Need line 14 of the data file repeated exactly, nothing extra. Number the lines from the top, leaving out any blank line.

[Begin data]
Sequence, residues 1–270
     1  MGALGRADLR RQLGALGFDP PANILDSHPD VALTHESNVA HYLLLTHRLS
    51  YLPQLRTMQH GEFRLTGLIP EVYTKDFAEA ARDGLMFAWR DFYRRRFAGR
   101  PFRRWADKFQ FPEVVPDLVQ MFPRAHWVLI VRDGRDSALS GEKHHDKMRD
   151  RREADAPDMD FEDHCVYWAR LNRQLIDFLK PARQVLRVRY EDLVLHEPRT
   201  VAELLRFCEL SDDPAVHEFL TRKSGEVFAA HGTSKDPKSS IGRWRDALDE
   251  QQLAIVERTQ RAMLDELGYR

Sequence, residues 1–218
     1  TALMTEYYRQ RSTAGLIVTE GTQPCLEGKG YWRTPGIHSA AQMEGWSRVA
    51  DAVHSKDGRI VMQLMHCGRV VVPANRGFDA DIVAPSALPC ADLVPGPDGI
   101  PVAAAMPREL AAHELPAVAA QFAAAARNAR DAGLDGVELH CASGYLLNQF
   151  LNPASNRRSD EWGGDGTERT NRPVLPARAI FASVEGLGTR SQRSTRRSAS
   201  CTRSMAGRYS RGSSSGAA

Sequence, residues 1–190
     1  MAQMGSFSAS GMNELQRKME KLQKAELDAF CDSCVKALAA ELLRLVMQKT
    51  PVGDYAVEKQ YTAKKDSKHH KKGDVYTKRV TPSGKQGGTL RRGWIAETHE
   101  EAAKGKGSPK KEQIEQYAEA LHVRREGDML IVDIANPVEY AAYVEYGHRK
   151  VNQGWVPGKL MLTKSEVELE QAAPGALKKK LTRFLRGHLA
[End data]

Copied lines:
Sequence, residues 1–190